Posted by: Dave Neads | November 10, 2009

Country Vets and Winter Tunnel Vision


Last night we experienced our Precipice version of tunnel vision.

We don’t leave the Precipice very often in the winter but Chilko, our Maremma/Shepherd cross 100 pound “Puppy Dog” or “Mooch the Pooch” as he is usually called, needed to be seen by the Vet.

Fortunately there is a traveling veterinarian who comes through the country  once or twice a year, so when we heard that Carolyn  was passing through this week, we made several phone calls and arranged to meet her at a friend’s place in Anahim Lake while she was on her way back to Williams Lake from the Bella Coola valley.

She phoned us when she left Hagensborg and we started out at the same time, all of us arriving  at our friend’s house  a few hours later.  This was just another routine logistics issue like several we deal with year round; you just don’t “drop into” a Vet clinic out here.

We also took our neighbour Klaus and his 11 month old Komondor, (another 100 pound “puppy”) with us so the puppy could get his rabies shot.  On top of that, our friend in Anahim has three dogs: a black and white female Pit bull and two brown/white streaked miniature Shiatsu cross something or other who are smaller than his two cats. One of the something or others needed minor attention as did Louise, his aging Marmalade cat, so  Carolyn and her assistant Carey had lots to do.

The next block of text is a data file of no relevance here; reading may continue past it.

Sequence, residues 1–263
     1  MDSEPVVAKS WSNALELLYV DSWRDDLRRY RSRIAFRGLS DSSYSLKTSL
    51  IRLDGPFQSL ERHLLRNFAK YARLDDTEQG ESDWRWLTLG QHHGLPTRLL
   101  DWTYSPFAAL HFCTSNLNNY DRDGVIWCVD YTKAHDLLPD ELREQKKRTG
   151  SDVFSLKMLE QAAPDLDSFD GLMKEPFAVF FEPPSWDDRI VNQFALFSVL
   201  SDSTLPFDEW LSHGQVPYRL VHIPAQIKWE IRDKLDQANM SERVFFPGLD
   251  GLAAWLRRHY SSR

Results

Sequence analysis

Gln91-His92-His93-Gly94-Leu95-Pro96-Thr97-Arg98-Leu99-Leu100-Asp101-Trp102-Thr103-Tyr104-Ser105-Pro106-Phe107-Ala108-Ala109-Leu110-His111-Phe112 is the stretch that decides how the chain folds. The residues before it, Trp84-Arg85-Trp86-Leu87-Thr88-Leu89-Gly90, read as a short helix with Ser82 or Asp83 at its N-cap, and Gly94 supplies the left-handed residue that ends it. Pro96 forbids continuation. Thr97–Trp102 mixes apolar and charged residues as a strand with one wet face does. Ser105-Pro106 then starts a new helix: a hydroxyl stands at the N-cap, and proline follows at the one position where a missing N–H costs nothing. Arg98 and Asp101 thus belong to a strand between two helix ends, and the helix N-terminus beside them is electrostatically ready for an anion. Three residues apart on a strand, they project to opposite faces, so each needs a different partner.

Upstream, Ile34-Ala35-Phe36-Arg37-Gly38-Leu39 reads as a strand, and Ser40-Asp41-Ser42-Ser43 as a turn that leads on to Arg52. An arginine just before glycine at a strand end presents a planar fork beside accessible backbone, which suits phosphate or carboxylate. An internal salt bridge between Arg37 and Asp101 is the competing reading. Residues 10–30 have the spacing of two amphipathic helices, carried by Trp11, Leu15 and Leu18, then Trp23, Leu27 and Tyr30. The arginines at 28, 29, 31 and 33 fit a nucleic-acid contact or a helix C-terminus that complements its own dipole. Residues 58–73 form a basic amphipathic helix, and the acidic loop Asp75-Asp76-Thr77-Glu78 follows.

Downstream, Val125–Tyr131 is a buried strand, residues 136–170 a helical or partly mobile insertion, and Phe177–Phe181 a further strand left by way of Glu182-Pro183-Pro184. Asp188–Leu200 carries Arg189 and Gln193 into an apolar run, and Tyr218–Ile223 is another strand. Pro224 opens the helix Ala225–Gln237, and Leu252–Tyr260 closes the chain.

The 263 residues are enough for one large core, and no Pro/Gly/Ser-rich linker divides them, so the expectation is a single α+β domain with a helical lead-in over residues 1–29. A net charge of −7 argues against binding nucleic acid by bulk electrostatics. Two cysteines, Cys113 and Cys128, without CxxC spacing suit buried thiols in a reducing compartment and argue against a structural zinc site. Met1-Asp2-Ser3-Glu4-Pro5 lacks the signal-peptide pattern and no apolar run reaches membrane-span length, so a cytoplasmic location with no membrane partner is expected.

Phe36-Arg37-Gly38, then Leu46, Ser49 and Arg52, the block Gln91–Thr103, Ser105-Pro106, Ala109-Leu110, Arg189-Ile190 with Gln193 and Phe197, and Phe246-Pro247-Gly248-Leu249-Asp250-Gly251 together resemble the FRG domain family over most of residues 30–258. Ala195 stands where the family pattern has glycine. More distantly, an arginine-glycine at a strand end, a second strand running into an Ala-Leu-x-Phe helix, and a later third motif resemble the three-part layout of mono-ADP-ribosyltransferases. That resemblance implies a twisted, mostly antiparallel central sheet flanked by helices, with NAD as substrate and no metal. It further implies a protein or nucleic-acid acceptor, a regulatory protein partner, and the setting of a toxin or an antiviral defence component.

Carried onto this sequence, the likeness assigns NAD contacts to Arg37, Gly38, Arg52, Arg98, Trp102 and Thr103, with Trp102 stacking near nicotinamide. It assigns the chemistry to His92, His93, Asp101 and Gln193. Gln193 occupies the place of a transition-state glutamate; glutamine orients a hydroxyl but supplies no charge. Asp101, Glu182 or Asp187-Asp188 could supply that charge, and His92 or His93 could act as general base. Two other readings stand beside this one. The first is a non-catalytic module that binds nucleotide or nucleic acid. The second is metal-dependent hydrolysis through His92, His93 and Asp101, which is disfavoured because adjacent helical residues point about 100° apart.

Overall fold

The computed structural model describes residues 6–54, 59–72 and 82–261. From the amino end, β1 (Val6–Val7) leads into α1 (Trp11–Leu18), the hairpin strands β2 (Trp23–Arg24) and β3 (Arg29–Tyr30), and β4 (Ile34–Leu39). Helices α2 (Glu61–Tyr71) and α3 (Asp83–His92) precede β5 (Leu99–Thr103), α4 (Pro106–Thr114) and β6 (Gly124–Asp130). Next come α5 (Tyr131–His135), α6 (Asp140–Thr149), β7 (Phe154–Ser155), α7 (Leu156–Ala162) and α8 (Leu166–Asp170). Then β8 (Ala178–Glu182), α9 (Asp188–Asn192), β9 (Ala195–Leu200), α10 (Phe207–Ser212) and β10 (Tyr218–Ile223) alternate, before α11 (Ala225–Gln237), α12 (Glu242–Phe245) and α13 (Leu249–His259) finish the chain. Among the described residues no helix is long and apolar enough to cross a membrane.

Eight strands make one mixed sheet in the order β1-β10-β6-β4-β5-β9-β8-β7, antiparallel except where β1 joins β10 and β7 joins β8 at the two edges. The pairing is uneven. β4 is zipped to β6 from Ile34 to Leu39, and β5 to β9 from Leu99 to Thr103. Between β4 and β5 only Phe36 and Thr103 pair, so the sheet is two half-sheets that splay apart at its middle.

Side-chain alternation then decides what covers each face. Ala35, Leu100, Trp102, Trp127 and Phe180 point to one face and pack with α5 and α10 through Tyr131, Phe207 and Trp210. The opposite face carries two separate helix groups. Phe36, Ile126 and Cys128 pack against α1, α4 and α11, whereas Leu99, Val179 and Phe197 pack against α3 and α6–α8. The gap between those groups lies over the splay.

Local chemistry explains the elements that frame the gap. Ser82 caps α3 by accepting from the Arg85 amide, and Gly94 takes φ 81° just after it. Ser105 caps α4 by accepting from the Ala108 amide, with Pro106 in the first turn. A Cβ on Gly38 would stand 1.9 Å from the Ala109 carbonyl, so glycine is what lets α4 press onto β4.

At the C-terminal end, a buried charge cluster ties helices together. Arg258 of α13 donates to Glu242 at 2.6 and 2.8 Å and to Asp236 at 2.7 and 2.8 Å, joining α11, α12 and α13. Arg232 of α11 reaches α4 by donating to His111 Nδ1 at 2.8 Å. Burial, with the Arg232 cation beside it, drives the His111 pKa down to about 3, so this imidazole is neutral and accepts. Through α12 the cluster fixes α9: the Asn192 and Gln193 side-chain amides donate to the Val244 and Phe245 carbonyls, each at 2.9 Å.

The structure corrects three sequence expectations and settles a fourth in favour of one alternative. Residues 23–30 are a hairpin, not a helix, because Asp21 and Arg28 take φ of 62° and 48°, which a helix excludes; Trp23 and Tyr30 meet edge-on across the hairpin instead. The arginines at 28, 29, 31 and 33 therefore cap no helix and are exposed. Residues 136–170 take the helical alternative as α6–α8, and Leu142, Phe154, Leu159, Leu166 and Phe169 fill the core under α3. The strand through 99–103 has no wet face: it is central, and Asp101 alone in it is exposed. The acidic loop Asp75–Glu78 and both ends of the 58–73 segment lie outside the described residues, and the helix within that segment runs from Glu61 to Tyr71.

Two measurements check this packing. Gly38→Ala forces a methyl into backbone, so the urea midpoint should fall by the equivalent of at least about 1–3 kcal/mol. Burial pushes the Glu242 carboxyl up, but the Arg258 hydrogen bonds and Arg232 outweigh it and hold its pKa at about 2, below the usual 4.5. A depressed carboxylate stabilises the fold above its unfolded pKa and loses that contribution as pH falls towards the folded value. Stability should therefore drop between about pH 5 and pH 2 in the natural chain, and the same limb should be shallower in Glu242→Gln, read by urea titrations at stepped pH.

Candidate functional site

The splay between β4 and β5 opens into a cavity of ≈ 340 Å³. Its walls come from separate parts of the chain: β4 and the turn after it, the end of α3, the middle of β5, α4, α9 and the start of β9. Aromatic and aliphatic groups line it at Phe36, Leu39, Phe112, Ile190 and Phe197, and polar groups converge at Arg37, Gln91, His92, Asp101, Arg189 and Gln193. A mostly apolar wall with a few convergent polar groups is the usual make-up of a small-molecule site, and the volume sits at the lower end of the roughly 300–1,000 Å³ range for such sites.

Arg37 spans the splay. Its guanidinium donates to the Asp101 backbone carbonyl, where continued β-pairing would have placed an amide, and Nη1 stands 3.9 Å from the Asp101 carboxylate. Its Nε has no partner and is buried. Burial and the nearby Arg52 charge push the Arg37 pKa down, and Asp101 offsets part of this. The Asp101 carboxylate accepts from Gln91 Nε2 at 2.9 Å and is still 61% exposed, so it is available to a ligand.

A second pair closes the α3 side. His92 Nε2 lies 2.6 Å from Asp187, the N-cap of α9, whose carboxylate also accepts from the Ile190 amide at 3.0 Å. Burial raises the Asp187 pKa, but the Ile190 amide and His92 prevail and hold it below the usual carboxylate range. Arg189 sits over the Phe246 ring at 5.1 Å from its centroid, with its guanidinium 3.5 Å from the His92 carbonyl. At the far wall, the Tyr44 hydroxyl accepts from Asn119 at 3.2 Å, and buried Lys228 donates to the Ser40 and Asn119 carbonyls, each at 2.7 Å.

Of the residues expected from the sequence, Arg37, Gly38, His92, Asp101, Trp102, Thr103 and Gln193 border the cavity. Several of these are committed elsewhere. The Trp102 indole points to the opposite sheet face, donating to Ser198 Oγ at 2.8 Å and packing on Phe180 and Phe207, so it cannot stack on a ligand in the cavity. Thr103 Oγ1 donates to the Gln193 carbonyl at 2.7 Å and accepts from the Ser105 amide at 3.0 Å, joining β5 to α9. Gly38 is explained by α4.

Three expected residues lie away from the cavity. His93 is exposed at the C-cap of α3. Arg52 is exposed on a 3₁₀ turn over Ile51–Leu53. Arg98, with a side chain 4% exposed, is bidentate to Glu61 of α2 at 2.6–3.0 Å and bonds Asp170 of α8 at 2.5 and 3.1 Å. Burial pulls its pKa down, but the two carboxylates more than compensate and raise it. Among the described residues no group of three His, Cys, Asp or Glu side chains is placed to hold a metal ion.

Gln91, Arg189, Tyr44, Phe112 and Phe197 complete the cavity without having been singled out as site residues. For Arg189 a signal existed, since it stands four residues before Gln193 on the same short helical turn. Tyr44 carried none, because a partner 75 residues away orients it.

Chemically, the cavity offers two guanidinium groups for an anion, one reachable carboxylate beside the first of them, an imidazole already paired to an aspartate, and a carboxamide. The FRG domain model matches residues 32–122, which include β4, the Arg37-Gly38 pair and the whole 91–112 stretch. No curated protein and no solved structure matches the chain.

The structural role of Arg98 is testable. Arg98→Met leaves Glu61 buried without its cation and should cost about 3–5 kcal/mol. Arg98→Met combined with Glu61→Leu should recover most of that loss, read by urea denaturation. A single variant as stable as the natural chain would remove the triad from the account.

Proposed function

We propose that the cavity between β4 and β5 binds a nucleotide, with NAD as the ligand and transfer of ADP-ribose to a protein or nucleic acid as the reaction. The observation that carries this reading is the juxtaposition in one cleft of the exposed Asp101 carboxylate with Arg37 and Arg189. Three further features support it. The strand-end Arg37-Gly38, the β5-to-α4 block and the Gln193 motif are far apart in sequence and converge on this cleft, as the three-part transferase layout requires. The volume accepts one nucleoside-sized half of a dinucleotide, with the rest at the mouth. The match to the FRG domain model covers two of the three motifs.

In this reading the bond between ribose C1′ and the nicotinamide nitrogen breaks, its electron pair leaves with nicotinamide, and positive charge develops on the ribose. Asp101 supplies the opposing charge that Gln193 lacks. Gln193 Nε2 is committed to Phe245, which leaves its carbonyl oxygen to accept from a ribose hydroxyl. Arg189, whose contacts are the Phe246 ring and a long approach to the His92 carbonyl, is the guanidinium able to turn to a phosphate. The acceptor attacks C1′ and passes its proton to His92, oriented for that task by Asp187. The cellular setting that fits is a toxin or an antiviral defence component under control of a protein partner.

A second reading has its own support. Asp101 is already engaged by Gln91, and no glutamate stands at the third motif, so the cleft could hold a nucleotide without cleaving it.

They set up shop in the kitchen, spread out the implements and started the examinations.  It was really quite a scene, with five excited dogs milling around while Louise and a smoke grey Persian named “Elvis” presided, perched on the arms of a big old black leather chair.

Tests done, samples taken, needles administered, ointments applied and advice given, the team packed up the mobile clinic, loaded it into a big red mud splattered 4X4, and headed off to Tatla Lake,  where they would  spend the night and minister to more patients the next day.

It was on our way home to the Precipice, in the palpable darkness of a socked-in west Chilcotin November night that we experienced our marvellous, special brand of tunnel vision.  As we entered the snow-covered, tree-lined passage that is  our unploughed, ungraded 18 kilometer long driveway, ice crystals did a twinkly dance in the headlights, an early Christmas present.

It was an ethereal trip, gliding through the darkness in this winding tunnel, our vehicle becoming a spaceship exploring an alien ice world on the fringes of the milky way.

Tunnel thru dark road BW


  1. aww, lovely… but oh, so soon! hugs! d

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